How to decide when you really need a pair of big, bad boots
Newbie hikers or those looking to replace an older pair of hiking boots often ask the question these days: Do I have to buy a pair of burly boots to hike in the woods or go backpacking? Of course not. After all, there are people who thru-hike the Appalachian Trail (AT) in their bare feet.
If you asked the boot question, though, you were probably wondering: Would a pair of trail runners be an acceptable alternative—or an even better choice than a pair of heavy hiking boots? We asked footwear guru Beth Henkes in our REI Alderwood store in Washington to tell us how she helps customers decide between boots and shoes. The simple answer is that both hiking boots and trail runners will get you out on the trail, but where, when, and how you hike may impact your choice.
Henkes confesses customers today seem to have a thing for trail runners. Some are obsessed with their light weight; others love how comfortable they feel right out of the box, while the more fashion conscious might prefer the wide range of designs and colors. No one choice is right for all, though, and boots still have much to offer.
Here are the key questions for choosing between boots and trail runners:
New to hiking? Keeping yourself upright on trails while wearing a pack takes a while to master. The wide, thick soles on hiking boots will provide a stable base for every footfall.
What’s the terrain on your trail? Sketchy trails require beefier boots for both stability and the ability to stand up to wear and tear. And their stout soles can handle abuse from rocks and roots, so your feet don’t have to. If it’s a beautiful, meandering forest trail, though, light and lean footwear will work fine. If it’s a paved nature trail, even a pair of city sneakers can handle it. If you expect to hike in cold, wet conditions, you might prefer the warmth and protection of a sturdy boot with a waterproof membrane, but you can find waterproof trail-running shoes as well.
What’s your body type? You likely already have a sense of whether your body requires more support from your footwear in general. If it does, and you plan to add a heavy pack to your overall weight, a solid, stable hiking boot may be your best choice. If you haven’t had any previous issues with strength and stability of your legs and joints and you’re not planning to carry a significantly heavy load, you’re probably a good trail-runner candidate.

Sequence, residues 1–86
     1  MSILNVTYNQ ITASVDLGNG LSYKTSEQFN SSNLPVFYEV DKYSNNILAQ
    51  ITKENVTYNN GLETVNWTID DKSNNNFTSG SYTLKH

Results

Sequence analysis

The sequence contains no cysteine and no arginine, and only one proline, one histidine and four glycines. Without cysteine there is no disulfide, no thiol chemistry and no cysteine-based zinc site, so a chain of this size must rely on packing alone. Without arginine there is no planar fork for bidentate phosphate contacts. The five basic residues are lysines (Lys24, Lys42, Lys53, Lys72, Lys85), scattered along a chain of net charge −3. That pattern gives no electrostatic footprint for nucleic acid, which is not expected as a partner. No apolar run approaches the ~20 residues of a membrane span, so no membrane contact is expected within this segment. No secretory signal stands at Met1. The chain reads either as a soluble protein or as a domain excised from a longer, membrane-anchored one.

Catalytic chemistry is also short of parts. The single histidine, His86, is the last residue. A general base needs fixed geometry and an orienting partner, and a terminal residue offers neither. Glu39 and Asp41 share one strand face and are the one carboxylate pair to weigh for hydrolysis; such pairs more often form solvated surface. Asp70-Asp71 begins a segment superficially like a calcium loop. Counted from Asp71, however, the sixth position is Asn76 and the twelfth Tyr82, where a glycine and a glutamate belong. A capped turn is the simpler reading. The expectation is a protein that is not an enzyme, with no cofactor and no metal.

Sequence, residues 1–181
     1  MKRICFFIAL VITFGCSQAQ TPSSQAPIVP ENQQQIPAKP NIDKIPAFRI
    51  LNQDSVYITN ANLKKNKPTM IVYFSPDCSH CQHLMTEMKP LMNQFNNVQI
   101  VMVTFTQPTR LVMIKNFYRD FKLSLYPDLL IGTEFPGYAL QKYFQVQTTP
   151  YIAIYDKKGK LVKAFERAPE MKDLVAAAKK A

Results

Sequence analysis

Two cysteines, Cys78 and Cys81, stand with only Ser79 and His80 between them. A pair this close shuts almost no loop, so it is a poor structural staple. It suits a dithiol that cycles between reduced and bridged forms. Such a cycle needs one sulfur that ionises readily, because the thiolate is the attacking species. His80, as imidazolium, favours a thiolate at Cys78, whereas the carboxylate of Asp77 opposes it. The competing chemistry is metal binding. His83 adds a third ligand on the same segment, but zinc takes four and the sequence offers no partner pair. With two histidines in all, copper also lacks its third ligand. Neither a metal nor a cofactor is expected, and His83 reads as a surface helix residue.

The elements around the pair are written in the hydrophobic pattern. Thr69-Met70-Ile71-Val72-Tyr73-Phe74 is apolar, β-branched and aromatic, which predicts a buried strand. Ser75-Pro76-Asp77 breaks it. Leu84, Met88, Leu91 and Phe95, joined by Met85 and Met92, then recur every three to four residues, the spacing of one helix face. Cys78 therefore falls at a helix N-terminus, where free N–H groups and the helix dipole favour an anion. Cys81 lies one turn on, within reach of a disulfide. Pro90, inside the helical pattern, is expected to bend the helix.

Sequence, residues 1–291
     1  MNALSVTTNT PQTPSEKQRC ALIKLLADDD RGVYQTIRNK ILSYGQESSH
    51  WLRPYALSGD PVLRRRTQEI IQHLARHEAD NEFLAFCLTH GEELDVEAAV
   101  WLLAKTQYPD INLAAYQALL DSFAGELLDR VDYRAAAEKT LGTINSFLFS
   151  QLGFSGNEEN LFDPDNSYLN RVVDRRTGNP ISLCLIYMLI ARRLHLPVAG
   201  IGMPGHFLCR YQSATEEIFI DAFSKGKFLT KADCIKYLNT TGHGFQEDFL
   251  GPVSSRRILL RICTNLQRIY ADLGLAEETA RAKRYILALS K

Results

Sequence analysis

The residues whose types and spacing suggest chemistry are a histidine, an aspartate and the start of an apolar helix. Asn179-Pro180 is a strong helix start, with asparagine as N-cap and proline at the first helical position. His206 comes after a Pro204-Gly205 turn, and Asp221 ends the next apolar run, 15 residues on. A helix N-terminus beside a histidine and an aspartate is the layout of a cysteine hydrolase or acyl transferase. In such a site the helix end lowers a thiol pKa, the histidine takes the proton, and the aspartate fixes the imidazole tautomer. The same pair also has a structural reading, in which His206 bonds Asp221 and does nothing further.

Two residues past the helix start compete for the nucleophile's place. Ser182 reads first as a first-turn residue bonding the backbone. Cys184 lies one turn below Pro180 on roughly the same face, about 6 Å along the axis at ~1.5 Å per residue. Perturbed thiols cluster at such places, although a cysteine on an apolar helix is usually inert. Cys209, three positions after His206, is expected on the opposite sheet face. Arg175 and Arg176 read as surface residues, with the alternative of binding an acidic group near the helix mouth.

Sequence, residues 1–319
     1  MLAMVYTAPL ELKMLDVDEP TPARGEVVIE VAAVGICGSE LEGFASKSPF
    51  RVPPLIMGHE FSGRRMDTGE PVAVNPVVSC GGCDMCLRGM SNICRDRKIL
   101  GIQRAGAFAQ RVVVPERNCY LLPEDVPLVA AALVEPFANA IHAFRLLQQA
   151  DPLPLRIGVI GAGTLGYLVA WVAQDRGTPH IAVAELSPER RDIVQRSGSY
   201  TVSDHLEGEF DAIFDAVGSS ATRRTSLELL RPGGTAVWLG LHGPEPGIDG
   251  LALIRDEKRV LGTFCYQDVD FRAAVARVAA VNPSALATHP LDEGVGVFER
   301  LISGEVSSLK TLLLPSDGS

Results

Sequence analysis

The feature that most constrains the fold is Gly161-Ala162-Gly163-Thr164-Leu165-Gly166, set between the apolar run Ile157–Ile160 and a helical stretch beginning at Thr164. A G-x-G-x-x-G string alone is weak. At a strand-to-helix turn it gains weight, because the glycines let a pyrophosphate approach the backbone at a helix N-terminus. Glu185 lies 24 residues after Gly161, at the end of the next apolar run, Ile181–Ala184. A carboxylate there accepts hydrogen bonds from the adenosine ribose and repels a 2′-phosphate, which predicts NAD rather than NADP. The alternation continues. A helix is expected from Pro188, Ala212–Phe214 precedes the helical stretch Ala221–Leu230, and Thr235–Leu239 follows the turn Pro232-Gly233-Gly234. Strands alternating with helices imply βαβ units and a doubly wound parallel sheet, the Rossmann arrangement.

How fast will you be going? Is it a slow and steady sojourn or a speed hike? Lightweight trail runners make it easier to maintain a brisk pace. That’s why many thru-hikers wear them, because they need to knock off huge chunks of miles, day after day. Of course, on a trail as long as the AT they’ll go through several pairs of trail runners.
Hiking boots generally have thick lugs to bite into soil and a rubber that grips well on a variety of surfaces. Light trail runners offer minimal grip, but rugged and off-trail styles offer similar traction to hiking shoes. Some trail runners also feature a sticky rubber compound for enhanced grip on wet rocks and logs.
Be aware, though, says Henkes, that many trail runners are actually designed to grip on the fly and they won’t have the same level of traction at a slower hiking pace. The physics change when you apply less force on each stride.
Decision Matrix: Hiking Boots vs. Trail Runners
Still not sure? Here’s a quick and dirty comparison to help you choose between hiking boots vs. trail runners:
|Hiking Boots – Key Benefits||Trail Runners – Key Benefits|
|Stability||Breathability, so feet stay drier|
|Durability||Little or no break-in period|
|Foot and ankle protection||Lightweight for a fast pace, long miles|
|Slough off mud, snow and water||Versatile for multiple uses|
|Warmer for cold-weather hikes||Cooler for hot-weather hikes|
|Good all-around traction||A range of traction options|
|Hiking Boots – Key Downsides||Trail Runners – Key Downsides|
|Heavier and bulkier||Less supportive|
|Require break-in period||Will need replacing more often|